After a very watch-heavy 2017 (a new Speedmaster Professional and a Sinn 856 a few months later), 2018 was spent enjoying what I have in my collection. I wanted to pay a little more attention to some less-worn pieces, so I decided to spruce up my trusty SKX173 with a new stainless steel, 12-hour bezel insert. This quick mod really changes the look of the watch and also adds the ability to track a second timezone, and it has made the watch much more enjoyable to wear after years of looking at the same black dive bezel with the 60-minute scale. I have a feeling that 2019 will be a good year for my collection, especially after trying on the Tudor Black Bay 36 in blue a few weeks back…

Christoph McNeill – Tudor Black Bay Blue (with ETA Movement)

2018 has been a slow year for me with only a few pickups, but there were two clear standouts, and, truth be told, this pair would have stood out even in a banner year. One is a vintage piece (1968 Tavernier Squale Master), and the other is a modern one (Tudor Black Bay Blue with an ETA movement), and as much as it pains me to admit this, the Black Bay is going to have to win out for my choice of favorite pickup of 2018.

I fell in love with this watch when it was first announced at Baselworld way back when, and it has been, hands down, my most worn watch since it arrived. It looks and wears equally great on the OEM bracelet, a variety of leather straps, or on an Isofrane. And the icing on the cake? No date window! If you’re in the market for a modern dive watch, this beauty really can’t be beat.

Ilya Ryvin – Grand Seiko Ref. SBGX061

If you follow Worn & Wound or our podcast with any regularity, then my answer shouldn’t come as any sort of surprise—it’s the Grand Seiko Ref. SBGX061. Since this one has joined the collection, the rest of my watches have unfortunately just been sitting there collecting dust (though I do break out my Omega FOIS Speedmaster from time to time). The SBGX061 is, for me anyway, the perfect watch, with its classic-but-not-boring design to the case proportions that seem to be tailor-made to my wrist. And then there’s the set-it-and-forget-it proven reliability of Grand Seiko’s 9F quartz caliber, which was one of the deciding factors in my getting this watch in the first place.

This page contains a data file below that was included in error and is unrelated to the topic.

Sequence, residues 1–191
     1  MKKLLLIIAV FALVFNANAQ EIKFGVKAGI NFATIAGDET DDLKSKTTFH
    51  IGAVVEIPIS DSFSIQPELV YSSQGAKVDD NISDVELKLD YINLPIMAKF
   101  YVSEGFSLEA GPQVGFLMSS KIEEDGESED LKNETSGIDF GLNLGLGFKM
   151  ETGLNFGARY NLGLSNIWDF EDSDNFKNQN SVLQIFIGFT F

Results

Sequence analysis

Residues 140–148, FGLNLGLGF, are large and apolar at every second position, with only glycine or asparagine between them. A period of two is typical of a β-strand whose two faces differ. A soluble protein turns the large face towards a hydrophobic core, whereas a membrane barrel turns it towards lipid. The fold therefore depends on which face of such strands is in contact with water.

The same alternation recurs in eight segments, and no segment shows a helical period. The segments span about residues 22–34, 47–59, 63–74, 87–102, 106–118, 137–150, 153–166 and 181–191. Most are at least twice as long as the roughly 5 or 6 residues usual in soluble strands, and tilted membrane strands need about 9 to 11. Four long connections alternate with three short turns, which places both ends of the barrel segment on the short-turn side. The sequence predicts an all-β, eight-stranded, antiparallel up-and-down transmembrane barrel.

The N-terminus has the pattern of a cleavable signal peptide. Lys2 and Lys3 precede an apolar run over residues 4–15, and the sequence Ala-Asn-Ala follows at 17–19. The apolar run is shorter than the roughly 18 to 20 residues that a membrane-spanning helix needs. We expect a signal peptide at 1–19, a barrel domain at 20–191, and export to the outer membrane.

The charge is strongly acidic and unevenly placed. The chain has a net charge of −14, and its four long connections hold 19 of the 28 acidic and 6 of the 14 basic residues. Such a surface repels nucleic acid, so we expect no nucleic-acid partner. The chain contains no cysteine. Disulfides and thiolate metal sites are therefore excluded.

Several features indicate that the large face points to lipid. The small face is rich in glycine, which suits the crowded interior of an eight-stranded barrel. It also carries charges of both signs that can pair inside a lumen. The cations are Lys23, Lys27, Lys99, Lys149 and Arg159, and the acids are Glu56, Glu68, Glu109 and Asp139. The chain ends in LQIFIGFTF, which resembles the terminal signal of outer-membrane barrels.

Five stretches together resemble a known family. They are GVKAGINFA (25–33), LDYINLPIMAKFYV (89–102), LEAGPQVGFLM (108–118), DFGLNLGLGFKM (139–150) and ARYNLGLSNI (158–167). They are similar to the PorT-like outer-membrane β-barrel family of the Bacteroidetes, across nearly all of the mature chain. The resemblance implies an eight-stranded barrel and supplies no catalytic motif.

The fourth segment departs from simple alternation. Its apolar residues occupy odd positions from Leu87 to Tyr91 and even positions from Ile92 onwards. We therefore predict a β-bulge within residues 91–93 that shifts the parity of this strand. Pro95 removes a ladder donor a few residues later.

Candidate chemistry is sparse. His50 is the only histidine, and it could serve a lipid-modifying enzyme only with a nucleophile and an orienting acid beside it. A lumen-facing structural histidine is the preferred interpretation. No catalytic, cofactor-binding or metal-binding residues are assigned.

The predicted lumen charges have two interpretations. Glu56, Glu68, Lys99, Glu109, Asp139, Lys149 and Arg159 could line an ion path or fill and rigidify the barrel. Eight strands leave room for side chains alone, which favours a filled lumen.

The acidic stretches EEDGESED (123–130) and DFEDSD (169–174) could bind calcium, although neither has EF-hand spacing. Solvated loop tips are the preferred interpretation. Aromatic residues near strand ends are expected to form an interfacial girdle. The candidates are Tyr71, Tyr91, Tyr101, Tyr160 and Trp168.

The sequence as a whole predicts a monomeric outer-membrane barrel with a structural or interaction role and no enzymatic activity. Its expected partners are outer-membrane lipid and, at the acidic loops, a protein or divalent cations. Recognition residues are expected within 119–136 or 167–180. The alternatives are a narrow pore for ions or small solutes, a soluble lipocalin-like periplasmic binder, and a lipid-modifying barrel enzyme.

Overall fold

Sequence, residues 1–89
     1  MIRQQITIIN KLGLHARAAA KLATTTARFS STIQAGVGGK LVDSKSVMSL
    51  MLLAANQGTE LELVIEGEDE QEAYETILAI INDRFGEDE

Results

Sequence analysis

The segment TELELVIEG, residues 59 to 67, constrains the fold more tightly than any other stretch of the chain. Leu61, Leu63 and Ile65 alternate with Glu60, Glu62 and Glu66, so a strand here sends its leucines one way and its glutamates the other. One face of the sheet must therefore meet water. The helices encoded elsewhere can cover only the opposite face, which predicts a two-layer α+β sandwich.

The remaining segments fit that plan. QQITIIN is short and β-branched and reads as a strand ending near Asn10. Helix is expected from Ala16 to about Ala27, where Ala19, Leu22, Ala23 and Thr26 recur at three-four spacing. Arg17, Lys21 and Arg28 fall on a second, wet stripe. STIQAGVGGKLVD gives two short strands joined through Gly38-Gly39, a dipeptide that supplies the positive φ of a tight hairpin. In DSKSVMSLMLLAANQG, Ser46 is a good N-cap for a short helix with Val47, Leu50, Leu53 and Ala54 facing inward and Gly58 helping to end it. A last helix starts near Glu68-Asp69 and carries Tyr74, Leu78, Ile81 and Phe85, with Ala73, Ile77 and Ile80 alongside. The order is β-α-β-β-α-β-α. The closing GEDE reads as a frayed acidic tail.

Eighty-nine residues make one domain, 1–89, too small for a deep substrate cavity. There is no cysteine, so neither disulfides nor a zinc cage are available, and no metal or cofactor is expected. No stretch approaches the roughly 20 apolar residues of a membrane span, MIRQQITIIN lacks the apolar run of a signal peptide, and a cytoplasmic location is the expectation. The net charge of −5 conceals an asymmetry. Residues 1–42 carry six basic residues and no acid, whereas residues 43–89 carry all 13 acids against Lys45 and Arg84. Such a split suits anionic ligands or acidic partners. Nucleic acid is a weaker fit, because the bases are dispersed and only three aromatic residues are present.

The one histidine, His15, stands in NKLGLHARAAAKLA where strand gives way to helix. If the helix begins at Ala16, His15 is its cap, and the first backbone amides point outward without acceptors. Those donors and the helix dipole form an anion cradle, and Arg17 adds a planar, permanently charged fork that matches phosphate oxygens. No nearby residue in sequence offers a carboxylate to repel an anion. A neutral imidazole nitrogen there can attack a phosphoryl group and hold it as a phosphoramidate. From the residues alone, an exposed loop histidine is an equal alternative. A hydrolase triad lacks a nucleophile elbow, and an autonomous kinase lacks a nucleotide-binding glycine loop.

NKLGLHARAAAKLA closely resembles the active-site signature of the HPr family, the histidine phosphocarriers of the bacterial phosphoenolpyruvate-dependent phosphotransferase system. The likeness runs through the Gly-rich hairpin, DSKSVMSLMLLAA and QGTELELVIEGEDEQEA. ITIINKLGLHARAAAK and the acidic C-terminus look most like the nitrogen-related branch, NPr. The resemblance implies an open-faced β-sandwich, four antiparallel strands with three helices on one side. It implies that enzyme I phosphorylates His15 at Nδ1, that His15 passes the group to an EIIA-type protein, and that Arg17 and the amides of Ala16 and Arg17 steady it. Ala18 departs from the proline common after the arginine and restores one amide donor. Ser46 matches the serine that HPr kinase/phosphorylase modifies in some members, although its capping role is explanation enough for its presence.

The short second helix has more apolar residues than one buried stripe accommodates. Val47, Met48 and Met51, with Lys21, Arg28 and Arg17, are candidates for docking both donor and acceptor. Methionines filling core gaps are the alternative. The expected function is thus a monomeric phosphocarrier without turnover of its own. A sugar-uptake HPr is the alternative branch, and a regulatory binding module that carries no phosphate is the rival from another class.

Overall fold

Zach Weiss – Worn & Wound x Vero 36 Automatic

This year, I was pretty self-serving in my watch purchases, which is to say I only picked up the watch collaborations we released. Being that I had a hand in the design of them all and am quite fond of all of them, choosing one is kind of like picking your favorite kid—but I’ll do it anyway. Though I love the Raven Trekker, which will be my go-to dive/tool watch, and the Stowa Partitio, which will definitely be my blue watch of choice, the Vero 36 Automatic might be my personal favorite of the group. With that watch, not only did Vero execute the manufacturing perfectly, I think we achieved something unique by mixing a mid-century design with a small, but functional sport watch case. The fact that Vero manufactured the case, hands, dial, and crown in Portland, Oregon is just the cherry on top.